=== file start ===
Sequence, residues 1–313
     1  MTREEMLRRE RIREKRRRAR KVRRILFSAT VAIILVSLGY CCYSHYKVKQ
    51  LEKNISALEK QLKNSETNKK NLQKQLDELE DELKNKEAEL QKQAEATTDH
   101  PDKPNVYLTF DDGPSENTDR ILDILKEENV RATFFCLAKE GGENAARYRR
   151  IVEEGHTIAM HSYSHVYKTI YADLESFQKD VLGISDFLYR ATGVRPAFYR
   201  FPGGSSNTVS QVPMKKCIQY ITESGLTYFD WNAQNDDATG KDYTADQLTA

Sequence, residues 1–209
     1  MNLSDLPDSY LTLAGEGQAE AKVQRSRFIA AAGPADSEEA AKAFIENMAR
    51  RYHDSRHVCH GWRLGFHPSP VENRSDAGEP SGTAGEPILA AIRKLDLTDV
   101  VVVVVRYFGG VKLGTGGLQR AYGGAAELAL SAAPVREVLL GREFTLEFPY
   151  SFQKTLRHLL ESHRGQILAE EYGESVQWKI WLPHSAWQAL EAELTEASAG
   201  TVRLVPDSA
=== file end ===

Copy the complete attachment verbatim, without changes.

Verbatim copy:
Sequence, residues 1–313
     1  MTREEMLRRE RIREKRRRAR KVRRILFSAT VAIILVSLGY CCYSHYKVKQ
    51  LEKNISALEK QLKNSETNKK NLQKQLDELE DELKNKEAEL QKQAEATTDH
   101  PDKPNVYLTF DDGPSENTDR ILDILKEENV RATFFCLAKE GGENAARYRR
   151  IVEEGHTIAM HSYSHVYKTI YADLESFQKD VLGISDFLYR ATGVRPAFYR
   201  FPGGSSNTVS QVPMKKCIQY ITESGLTYFD WNAQNDDATG KDYTADQLTA

Sequence, residues 1–209
     1  MNLSDLPDSY LTLAGEGQAE AKVQRSRFIA AAGPADSEEA AKAFIENMAR
    51  RYHDSRHVCH GWRLGFHPSP VENRSDAGEP SGTAGEPILA AIRKLDLTDV
   101  VVVVVRYFGG VKLGTGGLQR AYGGAAELAL SAAPVREVLL GREFTLEFPY
   151  SFQKTLRHLL ESHRGQILAE EYGESVQWKI WLPHSAWQAL EAELTEASAG
   201  TVRLVPDSA